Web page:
One thing I can tell you for certain is that there's no easy answer yet. Every answer I give is going to depend upon things nobody knows yet. If it looks like someone with leftist economic policies is going to get elected President, or someone with basically rational economic policy is looking highly probable, that's going to make a major difference in the election year financial markets right there.

Here's what I expect, as far as rates go: They're going up. I expect rates will be at least in the high sixes by then, more likely in the low sevens, at least on thirty year fixed. My guess is that 5/1 ARMs are going to be between 6 and 6.5. Take all of this with a Mega-grain of salt - I fully expected us to be in the sevens by now, and we're not.

But if we postulate a rate of 7% when your pre-payment penalty expires, that will cost you roughly $17,100 per year on $244,000. 6.25% of $250,000 (your loan with your penalty added) is roughly $15,600. You save approximately $1500 per year on your interest by refinancing now, if my guess on interest rates is correct. However, refinancing now will cost you about $7000. $7000 divided by $1500 per year is roughly 4 years 8 months after that to get your money back. I wouldn't do it. That's about six years you've got to keep your loan to break even on the cost of refinancing now, and it's conditional upon things happening that nobody knows.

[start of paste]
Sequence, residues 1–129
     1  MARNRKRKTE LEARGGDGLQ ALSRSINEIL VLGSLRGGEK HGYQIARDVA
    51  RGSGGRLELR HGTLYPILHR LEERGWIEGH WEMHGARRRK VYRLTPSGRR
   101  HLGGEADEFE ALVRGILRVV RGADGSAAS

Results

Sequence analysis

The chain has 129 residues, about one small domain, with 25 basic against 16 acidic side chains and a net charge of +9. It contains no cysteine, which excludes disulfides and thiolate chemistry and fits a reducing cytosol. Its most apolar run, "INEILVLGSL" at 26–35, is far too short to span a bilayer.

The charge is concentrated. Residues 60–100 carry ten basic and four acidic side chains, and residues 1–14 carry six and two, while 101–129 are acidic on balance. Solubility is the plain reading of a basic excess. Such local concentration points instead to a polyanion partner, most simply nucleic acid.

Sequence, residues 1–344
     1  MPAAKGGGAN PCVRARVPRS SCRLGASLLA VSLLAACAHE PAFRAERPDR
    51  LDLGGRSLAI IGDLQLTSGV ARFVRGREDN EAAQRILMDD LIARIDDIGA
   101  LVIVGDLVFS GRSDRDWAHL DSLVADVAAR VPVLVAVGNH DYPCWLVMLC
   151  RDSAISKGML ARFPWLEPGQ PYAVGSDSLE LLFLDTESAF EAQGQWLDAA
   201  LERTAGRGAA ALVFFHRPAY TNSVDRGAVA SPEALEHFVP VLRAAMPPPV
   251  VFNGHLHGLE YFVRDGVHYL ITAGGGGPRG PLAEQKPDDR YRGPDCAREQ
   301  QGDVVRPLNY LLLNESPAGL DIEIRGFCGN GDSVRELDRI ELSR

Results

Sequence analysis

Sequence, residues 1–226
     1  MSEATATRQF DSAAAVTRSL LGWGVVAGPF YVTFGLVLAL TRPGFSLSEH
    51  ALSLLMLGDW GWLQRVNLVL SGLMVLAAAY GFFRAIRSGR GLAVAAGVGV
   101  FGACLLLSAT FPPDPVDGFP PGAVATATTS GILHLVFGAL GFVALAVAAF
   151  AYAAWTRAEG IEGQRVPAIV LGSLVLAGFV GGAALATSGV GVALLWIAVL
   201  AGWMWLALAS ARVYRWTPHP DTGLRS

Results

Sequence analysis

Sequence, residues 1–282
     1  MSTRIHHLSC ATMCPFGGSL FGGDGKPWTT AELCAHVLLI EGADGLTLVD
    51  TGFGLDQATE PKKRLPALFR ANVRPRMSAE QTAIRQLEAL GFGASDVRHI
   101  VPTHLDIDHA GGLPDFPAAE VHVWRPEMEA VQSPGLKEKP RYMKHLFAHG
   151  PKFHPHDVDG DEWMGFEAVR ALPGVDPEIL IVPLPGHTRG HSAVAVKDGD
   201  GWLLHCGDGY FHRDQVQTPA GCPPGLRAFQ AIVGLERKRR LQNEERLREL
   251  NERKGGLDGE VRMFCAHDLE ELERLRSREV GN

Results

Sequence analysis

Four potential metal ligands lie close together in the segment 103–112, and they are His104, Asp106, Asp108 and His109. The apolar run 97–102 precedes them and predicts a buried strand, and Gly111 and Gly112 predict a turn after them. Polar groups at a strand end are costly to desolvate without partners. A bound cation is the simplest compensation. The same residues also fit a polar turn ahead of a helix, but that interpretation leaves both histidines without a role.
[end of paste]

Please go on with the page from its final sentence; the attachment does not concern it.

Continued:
Now you don't have a whole lot of equity, and if your market falls, you could be upside down, in which case you're going to have to pay your loan down in order to refinance. If there's no way you could come up with that money, that's another reason to consider refinancing now. However, you would be guaranteed to use up pretty much all of your equity by refinancing now.